Till 2006 Pluto was considered to be the ninth planet of the solar system. But today Pluto is known as a dwarf planet. And decision for tomorrow is still pending.
A dwarf planet orbits the sun just like other planets, but it is smaller. A dwarf planet is so small it cannot clear other objects out of its path.
Recently In a DEBATE held a couple of weeks back on the varying definitions about what does and does not qualify as a planet at “The Harvard-Smithsonian Center” for Astrophysics. There was a voting done at the end of the debate to conclude to some point which has reignited discussion over the definitions and may have opened to door to Pluto’s victorious return to its status as a planet in our solar system.
We’ve just reprinted all of the text books to exclude Pluto and now it seems we need to do a re-spin of the printing to include it once again depending on the final conclusions which is still pending.
Pluto is only 1,400 miles (2,300 kilometers) wide. That’s about half the width of the United States. Pluto is slightly smaller than Earth’s moon. It takes Pluto 248 years to go around the sun. One day on Pluto is about 6 1/2 days on Earth.
How it started?
Back in 2005, a scientist named Mike Brown discovered a celestial body that was slightly larger than Pluto. He named it Xena and called it the 10th planet. But this led to the discussions that weather Pluto to be called a planet or not.
Now You see, the International Astronomical Union (IAU) has three conditions for a celestial body to be recognized as a planet.
According to the IAU website, a celestial body qualifies as a planet if and only if it:
- is in orbit around the Sun
- has sufficient mass for its self-gravity to overcome rigid body forces so that it assumes a hydrostatic equilibrium (nearly round) shape, and
- has cleared the neighbourhood around its orbit.
It’s this third condition that causes the confusion and ultimately led to the decision that Pluto is no more a planet but a dwarf planet to be called.
What it means for a celestial body to “clear its neighborhood” is that it is distinctly larger in size than other items around it.
Interesting Space Exploration :- In 2006, NASA launched the first mission to Pluto. It is called New Horizons. New Horizons is a spacecraft that is going to the edge of the solar system. The spacecraft is about the size of a piano. It will take nine years to reach Pluto. In 2015, New Horizons will arrive at Pluto. The mission will spend more than five months studying Pluto and its moons. New Horizons will then study other objects in the Kuiper Belt.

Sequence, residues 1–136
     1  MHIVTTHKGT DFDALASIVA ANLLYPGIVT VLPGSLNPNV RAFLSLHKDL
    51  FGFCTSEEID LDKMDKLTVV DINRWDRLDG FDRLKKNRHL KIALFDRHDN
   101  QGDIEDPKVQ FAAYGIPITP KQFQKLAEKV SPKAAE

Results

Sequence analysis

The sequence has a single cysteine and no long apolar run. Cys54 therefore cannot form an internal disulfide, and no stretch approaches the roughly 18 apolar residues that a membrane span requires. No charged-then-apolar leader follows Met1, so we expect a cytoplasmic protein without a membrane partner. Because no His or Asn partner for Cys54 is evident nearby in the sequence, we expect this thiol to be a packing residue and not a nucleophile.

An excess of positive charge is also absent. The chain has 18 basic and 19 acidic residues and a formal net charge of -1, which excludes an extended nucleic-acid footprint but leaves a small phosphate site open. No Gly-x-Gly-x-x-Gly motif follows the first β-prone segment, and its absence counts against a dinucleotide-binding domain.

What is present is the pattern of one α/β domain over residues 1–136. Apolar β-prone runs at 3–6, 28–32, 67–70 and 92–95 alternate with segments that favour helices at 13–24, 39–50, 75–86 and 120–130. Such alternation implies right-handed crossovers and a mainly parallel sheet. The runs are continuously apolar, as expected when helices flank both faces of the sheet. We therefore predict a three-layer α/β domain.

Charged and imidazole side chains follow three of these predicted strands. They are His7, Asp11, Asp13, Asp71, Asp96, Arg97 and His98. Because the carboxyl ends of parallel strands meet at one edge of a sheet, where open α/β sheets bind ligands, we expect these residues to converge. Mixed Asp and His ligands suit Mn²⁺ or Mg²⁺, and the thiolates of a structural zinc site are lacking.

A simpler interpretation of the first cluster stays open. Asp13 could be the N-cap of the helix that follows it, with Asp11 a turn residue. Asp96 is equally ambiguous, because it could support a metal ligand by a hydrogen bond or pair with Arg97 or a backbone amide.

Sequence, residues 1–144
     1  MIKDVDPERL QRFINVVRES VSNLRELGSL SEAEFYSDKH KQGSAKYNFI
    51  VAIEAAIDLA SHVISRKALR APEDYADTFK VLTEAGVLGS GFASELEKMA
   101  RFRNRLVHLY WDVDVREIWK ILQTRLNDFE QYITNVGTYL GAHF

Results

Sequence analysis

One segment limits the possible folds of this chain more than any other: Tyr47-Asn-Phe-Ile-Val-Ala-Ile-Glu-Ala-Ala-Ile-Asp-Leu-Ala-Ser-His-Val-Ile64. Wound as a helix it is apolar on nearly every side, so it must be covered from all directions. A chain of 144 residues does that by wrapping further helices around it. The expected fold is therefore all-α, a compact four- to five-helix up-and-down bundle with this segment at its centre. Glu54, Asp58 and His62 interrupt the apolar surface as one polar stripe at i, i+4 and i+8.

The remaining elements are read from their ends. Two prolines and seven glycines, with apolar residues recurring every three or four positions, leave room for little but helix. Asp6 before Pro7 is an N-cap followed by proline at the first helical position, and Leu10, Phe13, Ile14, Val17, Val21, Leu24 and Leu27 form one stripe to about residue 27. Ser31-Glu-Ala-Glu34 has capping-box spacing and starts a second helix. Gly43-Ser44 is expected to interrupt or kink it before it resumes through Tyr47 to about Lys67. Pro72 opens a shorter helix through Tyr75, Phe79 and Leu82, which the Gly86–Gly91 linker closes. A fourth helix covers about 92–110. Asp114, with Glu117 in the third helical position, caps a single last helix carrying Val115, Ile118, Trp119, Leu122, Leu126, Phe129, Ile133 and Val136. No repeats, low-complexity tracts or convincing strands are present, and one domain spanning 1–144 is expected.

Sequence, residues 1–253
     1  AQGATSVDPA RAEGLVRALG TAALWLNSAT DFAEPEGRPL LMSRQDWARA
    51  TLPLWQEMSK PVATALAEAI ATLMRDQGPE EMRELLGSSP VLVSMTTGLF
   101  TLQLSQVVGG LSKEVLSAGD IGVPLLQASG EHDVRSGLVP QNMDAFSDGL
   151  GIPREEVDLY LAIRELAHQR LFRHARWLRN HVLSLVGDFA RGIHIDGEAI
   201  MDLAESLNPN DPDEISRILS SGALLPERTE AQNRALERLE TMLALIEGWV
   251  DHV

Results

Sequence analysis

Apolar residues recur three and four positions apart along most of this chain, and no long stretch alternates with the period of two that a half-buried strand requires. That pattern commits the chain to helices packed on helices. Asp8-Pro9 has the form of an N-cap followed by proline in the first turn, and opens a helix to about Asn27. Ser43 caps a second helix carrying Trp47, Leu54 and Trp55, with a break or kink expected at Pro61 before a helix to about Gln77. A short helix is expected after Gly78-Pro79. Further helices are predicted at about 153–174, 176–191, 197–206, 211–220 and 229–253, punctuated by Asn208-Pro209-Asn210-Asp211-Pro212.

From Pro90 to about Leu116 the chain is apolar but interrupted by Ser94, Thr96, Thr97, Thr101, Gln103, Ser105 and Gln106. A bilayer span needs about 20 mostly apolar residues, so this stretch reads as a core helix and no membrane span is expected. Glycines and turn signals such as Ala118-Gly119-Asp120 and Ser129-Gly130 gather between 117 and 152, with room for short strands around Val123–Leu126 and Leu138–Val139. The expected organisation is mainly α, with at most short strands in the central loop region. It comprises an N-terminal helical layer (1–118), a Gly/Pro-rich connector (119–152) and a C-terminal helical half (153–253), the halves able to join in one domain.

Traveling to Pluto using the minimum amount of fuel would take longer than 30 years. NASA’s Voyager mission demonstrated the advantages of using the gravity of the giant planets, particularly Jupiter, to “boost” a spacecraft and reduce travel times to the outer solar system. New Horizons, using a flyby of Jupiter in February 2007, will arrive at Pluto in 2015. The journey takes 9½ years.
New Horizons has cameras that will take pictures of Pluto. The spacecraft also has science tools to gather information about Pluto. These pictures and information will help scientists learn more about the dwarf planet.
Studying places like Pluto may help scientists learn how planets form.
Since its discovery in 1930, Pluto has been a bit of a puzzle:
- It’s smaller than any other planet – even smaller than the Earth’s moon.
- It’s dense and rocky, like the terrestrial planets (Mercury, Venus, Earth and Mars). However, its nearest neighbors are the gaseousJovian planets (Jupiter, Saturn, Uranus and Neptune). For this reason, many scientists believe that Pluto originated elsewhere in space and got caught in the Sun’s gravity. Some astronomers once theorized that Pluto used to be one of Neptune’s moons.
- Pluto’s orbit is erratic. The planets in our solar system all orbit the Sun in a relatively flat plane. Pluto, however, orbits the sun at a 17-degree angle to this plane. In addition, its orbit is exceptionally elliptical and crosses Neptune’s orbit.
What happens if we do let Pluto back in? Well, there’s a chance that other distant trans-Neptunian objects – such as Triton or Eris or 50000 Quaoar or 90377 Sedna – could also qualify for official planetary status.
“We might need help from aliens now over this debate but they seems to be satisfied with the fact that Pluto is a part of universe. Or maybe someone from Pluto visits earth to speak up for itself and its home planet.
Whatever be the issue is, we hope it resolves soon. Since many textbooks are waiting to get its Data updated based on the result of this debate”
Happy sailing !!
Latest posts by Anurag (see all)
- Off-road and On-road Tata Hexa Experience for the car lovers - December 29, 2016
- Friends who define the true equation of Friendship - October 7, 2016
- Freecharge, the Best Digital Wallet in the Digital Ecosystem - September 28, 2016